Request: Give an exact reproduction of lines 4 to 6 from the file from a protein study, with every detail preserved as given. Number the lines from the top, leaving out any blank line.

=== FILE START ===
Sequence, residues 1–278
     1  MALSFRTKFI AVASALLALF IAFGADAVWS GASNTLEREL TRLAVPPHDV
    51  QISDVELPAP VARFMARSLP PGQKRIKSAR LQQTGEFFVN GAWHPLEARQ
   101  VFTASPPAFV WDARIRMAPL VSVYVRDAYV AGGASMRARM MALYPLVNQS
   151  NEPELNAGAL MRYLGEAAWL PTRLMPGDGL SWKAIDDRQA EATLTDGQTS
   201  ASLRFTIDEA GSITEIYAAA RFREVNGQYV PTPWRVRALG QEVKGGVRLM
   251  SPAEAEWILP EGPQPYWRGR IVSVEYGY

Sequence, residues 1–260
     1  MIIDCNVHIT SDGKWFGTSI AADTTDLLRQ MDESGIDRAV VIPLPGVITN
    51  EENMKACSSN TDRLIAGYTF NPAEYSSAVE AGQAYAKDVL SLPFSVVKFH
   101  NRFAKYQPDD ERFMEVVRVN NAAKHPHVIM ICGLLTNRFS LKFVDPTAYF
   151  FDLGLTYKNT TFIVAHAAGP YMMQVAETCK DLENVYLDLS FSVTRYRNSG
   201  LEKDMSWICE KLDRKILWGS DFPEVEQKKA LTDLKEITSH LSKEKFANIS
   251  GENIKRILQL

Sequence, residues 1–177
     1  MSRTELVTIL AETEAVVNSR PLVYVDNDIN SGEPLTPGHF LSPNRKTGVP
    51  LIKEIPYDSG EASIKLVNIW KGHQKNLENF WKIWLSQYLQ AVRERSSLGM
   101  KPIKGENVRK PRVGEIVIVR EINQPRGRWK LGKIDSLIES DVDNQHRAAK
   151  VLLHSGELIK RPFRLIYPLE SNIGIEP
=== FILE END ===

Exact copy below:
   101  VFTASPPAFV WDARIRMAPL VSVYVRDAYV AGGASMRARM MALYPLVNQS
   151  NEPELNAGAL MRYLGEAAWL PTRLMPGDGL SWKAIDDRQA EATLTDGQTS
   201  ASLRFTIDEA GSITEIYAAA RFREVNGQYV PTPWRVRALG QEVKGGVRLM